Over the last year and a half I’ve been working with a self-organised dev study group at Envato. The group was started by one of our juniors to help him and his peers to get better at software engineering and grow professionally faster.
I volunteered to help them with running most of their sessions by giving them talks and demos, answering their questions and sharing learning materials.
My goal was not only to help them with their professional development, I also wanted to better understand how to work efficiently with juniors, practice my public speaking skills, and get experience with mentoring others. It’s been a great experience so far. Sometimes even eye-opening.
For example, I realised how big that knowledge gap between experienced developers and juniors is. That helped me to learn to explain various technical things (my design approach, implementation details, etc.) much better without omitting details that already seem obvious to me.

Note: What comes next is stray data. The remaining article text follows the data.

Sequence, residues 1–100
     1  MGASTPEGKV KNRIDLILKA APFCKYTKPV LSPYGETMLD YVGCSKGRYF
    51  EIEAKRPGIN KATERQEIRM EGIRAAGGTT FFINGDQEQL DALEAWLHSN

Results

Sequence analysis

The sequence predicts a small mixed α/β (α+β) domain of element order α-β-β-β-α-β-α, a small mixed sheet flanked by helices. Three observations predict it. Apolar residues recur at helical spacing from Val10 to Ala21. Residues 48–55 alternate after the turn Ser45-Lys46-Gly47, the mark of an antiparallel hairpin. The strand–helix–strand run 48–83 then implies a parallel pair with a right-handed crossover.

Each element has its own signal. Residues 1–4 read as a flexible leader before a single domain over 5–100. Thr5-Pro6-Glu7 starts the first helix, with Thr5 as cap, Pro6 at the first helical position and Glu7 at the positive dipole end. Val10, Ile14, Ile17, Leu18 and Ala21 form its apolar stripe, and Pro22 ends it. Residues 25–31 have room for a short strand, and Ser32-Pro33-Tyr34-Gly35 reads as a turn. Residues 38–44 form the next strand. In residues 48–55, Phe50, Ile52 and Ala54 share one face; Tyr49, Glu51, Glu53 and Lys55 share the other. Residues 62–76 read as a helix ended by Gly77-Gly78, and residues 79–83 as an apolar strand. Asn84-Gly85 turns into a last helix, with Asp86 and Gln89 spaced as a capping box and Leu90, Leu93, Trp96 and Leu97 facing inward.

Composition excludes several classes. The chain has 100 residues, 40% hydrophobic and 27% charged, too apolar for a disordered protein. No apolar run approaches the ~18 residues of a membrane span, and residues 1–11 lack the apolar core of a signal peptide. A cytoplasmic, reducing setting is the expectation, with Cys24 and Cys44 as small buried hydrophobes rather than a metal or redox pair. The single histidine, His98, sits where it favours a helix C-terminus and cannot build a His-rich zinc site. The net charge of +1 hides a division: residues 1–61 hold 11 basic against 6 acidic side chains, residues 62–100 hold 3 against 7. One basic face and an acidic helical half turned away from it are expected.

I’ve noticed that our juniors are often interested in learning very practical things, something they can apply at their actual work next day. For instance, they were particularly interested to learn how to refactor code, how to optimise SQL queries, how to use test-driven development efficiently, and how to understand which code is good and which is not.
Interactive learning sessions, like for example one where I demonstrated an approach to refactoring a piece of code into a loosely coupled set of reusable classes, or a demo of using NewRelic to detect a bottleneck in application code were really interesting to the group members.
Over time the group has changed significantly. It lost a few members. However, those who stayed (including the founder of the group) remain very motivated to learn.
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